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Injuries Bum Bish Out

by Staff Writer / Boston Bruins

I am a little down this afternoon…But I am not down for the reasons most of you might expect.

You see, as a "member" of the team, as an employee of the Boston Bruins, I don’t necessarily have to hold myself apart from Our Boys in the same way as the other reporters in the dressing room.

When I leave the locker room, I always say, "Good luck" or "have a great game" to the guys.

We joke around -- or, I might say, the guys make fun of me.

I ask about family and children and plans and they ask me about my family and my plans.

I very proudly wear the Black-and-Gold (as evidenced by my awful picture above) to every practice and game. And I sit far away from the print and electronic media, with the Bruins media relation intern (Jill) and the Garden’s IT guy (Brian) -- and we cheer, very quietly, for this most likable of teams.

I am older than most of the guys, too, so in my head, I think I become a surrogate big sibling.

So I am down today because so many of my "teammates" are hurt.

Yah, the Bruins lost last night to Buffalo, 6-2, and yes, that stinks and yes, it would have been "much cooler" if they had been able to best Mr. Biron and company. But that loss really came at the hands of the very fickle hockey gods who have shone down on the Sabres to the tune of eight wins in a row. And, in case you haven’t heard, the Sabres are pretty darn good.

Remember, however, the hockey gods like parody and what goes up, must come down.

But, as usual, I digress.

Here is the bottom line: To see people like Mark Stuart, Andrew Alberts, Marco Sturm, Mark Mowers and Brad Stuart, all of whom are some of the most personable and likeable athletes I have ever met, in pain; you just never get used to that.


When Hannu Toivonen got hit in the throat in practice, or when Milan Jurcina was on the shelf with his injury, it just made me upset.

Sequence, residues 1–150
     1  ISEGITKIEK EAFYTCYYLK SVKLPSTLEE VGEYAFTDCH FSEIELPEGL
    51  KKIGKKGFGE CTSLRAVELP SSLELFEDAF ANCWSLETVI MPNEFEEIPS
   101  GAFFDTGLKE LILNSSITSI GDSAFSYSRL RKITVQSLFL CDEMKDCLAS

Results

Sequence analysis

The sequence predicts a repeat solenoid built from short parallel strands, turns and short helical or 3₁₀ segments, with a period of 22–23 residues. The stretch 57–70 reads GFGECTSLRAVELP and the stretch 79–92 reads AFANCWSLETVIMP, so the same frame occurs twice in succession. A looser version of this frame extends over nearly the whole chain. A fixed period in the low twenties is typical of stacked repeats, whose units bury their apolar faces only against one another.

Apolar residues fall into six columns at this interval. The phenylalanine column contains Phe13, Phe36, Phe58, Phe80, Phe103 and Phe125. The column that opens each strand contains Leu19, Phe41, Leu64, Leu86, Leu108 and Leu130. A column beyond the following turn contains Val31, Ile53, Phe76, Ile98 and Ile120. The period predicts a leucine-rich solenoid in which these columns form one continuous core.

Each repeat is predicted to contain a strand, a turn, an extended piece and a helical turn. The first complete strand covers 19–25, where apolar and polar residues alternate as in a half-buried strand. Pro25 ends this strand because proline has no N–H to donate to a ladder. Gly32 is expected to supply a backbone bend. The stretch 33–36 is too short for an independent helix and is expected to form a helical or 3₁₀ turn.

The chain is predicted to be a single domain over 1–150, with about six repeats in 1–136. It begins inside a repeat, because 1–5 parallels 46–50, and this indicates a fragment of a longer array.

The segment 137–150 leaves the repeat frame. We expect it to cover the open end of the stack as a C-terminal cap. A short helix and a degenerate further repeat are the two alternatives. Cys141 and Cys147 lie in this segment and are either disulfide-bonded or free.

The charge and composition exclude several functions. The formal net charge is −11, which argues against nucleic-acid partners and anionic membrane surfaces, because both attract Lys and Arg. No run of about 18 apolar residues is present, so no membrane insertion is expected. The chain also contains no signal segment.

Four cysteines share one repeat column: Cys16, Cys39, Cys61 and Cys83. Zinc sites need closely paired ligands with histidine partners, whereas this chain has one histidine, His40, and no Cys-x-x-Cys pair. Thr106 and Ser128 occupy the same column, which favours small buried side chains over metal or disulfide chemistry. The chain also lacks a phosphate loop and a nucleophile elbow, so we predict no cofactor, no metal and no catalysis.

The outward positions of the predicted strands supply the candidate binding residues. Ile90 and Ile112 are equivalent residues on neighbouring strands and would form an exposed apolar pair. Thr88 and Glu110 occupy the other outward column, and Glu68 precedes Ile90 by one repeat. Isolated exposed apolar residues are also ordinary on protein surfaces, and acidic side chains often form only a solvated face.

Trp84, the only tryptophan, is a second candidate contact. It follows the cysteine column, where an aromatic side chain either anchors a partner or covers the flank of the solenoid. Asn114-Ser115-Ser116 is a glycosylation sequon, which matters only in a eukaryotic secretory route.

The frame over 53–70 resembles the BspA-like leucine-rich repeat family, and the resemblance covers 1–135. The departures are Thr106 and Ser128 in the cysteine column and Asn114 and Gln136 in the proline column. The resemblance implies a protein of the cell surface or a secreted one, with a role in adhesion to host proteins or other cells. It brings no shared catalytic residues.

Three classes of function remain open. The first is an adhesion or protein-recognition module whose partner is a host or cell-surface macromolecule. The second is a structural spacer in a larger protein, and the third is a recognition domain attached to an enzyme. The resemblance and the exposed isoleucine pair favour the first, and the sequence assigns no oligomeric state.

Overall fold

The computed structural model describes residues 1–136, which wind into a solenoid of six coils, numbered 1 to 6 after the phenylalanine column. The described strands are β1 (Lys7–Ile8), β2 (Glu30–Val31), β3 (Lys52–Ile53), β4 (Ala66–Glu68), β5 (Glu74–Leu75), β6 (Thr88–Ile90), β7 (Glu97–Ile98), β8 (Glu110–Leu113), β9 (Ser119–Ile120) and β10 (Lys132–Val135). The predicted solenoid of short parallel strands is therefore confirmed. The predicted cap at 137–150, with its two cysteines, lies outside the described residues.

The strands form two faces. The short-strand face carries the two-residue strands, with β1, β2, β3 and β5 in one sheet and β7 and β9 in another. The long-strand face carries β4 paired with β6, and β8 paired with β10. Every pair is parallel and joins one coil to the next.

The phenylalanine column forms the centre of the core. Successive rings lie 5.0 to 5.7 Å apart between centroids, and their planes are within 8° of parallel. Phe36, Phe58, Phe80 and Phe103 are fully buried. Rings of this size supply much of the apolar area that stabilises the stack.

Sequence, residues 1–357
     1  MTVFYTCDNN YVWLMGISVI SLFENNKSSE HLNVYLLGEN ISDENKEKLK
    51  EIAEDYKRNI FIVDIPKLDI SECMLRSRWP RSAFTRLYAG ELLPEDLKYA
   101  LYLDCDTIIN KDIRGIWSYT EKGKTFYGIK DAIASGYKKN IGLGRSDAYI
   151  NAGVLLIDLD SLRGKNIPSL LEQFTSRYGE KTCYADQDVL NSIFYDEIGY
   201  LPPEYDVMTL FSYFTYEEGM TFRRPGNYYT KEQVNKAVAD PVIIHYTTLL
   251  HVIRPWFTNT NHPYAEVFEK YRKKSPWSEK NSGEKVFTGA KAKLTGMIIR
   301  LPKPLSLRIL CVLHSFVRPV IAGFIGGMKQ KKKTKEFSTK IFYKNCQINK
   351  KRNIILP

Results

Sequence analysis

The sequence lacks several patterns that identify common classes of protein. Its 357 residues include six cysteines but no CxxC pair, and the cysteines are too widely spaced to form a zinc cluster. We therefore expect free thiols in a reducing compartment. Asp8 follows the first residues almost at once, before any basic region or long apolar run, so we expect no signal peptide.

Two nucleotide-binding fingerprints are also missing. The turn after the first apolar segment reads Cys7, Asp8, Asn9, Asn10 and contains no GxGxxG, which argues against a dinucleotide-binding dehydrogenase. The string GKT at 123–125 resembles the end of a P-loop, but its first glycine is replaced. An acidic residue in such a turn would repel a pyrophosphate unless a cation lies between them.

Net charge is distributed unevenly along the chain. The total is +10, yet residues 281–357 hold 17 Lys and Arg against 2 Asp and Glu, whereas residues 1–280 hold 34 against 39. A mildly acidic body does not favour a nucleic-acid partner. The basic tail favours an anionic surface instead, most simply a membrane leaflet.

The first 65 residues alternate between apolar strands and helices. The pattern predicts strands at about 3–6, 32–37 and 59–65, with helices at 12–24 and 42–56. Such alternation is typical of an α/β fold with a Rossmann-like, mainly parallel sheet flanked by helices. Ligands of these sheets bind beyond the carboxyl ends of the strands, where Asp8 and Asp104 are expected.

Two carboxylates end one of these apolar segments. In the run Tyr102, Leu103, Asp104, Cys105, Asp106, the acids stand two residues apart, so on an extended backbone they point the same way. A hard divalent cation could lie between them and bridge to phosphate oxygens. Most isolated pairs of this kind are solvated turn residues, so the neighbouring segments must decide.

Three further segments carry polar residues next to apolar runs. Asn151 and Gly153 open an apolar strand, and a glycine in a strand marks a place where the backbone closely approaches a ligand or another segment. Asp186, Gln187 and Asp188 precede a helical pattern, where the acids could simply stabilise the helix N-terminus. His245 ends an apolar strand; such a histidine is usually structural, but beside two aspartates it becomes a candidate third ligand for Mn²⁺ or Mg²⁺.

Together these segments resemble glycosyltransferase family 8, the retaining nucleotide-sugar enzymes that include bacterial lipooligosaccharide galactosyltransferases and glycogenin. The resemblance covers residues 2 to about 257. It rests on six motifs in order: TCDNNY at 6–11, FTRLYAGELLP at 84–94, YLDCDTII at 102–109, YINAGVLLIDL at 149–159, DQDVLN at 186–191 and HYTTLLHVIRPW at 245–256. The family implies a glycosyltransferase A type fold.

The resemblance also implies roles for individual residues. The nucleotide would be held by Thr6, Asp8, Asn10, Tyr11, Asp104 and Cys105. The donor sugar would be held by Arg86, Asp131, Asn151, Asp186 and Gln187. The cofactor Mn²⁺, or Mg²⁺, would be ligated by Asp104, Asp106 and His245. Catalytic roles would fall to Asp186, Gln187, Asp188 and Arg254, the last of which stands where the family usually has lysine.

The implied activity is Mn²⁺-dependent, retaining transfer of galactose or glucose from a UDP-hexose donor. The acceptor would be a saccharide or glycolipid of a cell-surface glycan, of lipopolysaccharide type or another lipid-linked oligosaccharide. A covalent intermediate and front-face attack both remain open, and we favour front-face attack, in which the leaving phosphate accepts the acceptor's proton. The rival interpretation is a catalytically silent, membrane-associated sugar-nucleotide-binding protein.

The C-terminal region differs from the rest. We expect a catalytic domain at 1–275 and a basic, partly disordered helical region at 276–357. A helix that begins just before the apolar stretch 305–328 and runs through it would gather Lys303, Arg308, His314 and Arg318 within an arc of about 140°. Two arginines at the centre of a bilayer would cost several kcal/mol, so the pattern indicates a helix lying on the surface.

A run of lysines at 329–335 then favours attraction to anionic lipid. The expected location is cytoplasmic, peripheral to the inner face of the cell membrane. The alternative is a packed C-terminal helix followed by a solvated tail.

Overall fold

Really upset.

People like to say that it’s part of the game. Still, it never slides off my back and I am never able to just be a "professional" and shake it off, as if the team had lost a piece in a board game, or I was through with a game of go fish.

NEVER, and I have a lot of experience with this -- four Beanpot schools worth.

When I was working or attending classes at Boston U. and Northeastern, or when I was employed at Boston College and Harvard, each of the teams that I encountered had great people on the roster -- and when they go down with an injury, or, let’s face it, when they are in PAIN, it wears on your mind and sometimes it is hard to concentrate on the result of a given contest.

Even when you are supposed to be a "pro."

So as you watch the Pat’s take on their Buffalo bound nemesis, please take a second and send a little karma the Bruins way. Our guys were just beginning to gel this week, and they need a healthy roster to make that continue…Go Bruins!

Tim Thomas: Juxtaposition
Before yesterday’s game, Tim Thomas (above) and I had a chat about being the back-up goaltender on a given night. I asked him if there was a point that the healthy competition to make the start makes way to being ready to back-up the starter.

"By the time the game starts, you’ve already turned into a teammate," Thomas said of backing-up. "You’ve just got to support your teammates and help them get ready for the game as best as you can in the position you’re in.